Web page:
Old school vs. New school

During a recent slow day at work, I came across an interesting ESPN piece on how old-school coaches deal with today’s athletes.

In case you’re wondering, an “old-school” coach is defined as one who doesn’t take no for an answer, who is always yelling, and is in a player’s face. Think Shawn Walsh, Herb Brooks, Vince Lombardi, Bear Bryant, Bobby Knight.

That got me thinking, there are a lot of different opinions regarding newer BodyPump tracks versus the old-school releases. I subsequently searched for opinions, and got plenty of them.

As we all know, BodyPump has really started to evolve over the last year or two. We’re seeing more power-training types of moves, such as the Power Press in the back track and propulsion lunges and jump squats in the lunge track.

When I went to instructor training three years ago, these moves didn’t exist. A typical BodyPump lunge track would involve lunges on one leg, a break, followed by lunges on the other leg, and then moving on to the shoulder track.

I asked for some opinions via Facebook and the Les Mills Web site throughout the day, and a high percentage of instructors and participants claimed they enjoy the newer exercises compared to those of three, five, 10 years ago.

Why? It’s simple. The training stimulus has changed. Glen Ostergaard even pointed out during Track 7 in Release 80, when the propulsion lunges made their debut, “A stronger athlete is a better athlete.” He’s right. There’s more power training. Plus, the coaching model has grown rapidly. There’s more connection involved, and with the introduction of new programs such as GRIT and HIIT, both of which involved high interval training, BodyPump is taking this route.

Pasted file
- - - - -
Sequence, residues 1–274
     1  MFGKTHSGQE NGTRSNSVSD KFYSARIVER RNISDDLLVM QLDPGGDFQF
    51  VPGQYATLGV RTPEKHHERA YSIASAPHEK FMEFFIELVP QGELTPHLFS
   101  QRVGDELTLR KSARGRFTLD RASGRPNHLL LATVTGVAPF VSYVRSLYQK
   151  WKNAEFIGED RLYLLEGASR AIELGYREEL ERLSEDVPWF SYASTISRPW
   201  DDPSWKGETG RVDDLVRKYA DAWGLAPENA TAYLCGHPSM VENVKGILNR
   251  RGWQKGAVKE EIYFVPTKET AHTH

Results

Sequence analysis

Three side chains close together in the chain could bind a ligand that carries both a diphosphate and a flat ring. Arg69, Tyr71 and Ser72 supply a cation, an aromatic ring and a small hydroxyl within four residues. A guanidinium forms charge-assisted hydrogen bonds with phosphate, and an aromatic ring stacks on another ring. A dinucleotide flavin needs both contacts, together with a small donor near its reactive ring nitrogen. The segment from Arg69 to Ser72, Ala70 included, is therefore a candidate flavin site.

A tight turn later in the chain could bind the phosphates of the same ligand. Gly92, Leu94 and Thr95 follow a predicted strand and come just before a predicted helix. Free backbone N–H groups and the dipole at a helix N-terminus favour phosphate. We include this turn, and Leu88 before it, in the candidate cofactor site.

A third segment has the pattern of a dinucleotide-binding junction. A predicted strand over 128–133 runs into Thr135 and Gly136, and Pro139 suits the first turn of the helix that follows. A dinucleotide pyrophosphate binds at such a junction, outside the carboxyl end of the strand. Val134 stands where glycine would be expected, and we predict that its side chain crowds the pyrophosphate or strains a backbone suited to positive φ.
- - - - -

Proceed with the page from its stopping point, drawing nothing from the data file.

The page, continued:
One instructor wrote that she loved the newer releases because “they seem to be more effective, motivating and powerful.” The music is a lot more uplifting, more people are coming to classes – attendance at my club is better than ever – and I often get asked, “Ryan, are we jumping tonight?”

Of course, this is not to say that the releases prior to the 70’s weren’t good ones. Admittedly, I don’t know much about them since I trained on Release 73. Personally, I have found some of the older releases to be a tad more challenging than some of the newer ingredient, with recovery time at a premium.

Newer innovations are coming at us once again this quarter. Those of you who have already launched BodyPump 84 know what I’m talking about. Those who haven’t, I won’t spoil it for your members, including my own. The bottom line is, if you want to keep the program popular and keep people in the classes, the program cannot be bland. That’s why we’re seeing different things. And we can expect it to continue.

The “old school vs. new school” debate will wage on in all aspects of athletics. But in BodyPump, and Les Mills in general, it’s clear that the new-age version of BodyPump is winning over a whole new wave of instructors and participants, and folks who have been teaching this program for years are leaning towards the new stimulus.

Ryan McLaughlin

About Ryan McLaughlin

BDN sports reporter Ryan McLaughlin grew up in Brewer and is a lifelong fan of the New England Patriots, Boston Red Sox, Boston Celtics and Boston Bruins. In "The Boston Blitz" he'll be sharing his perspective with BDN readers about what's happening on the Boston professional sports scene.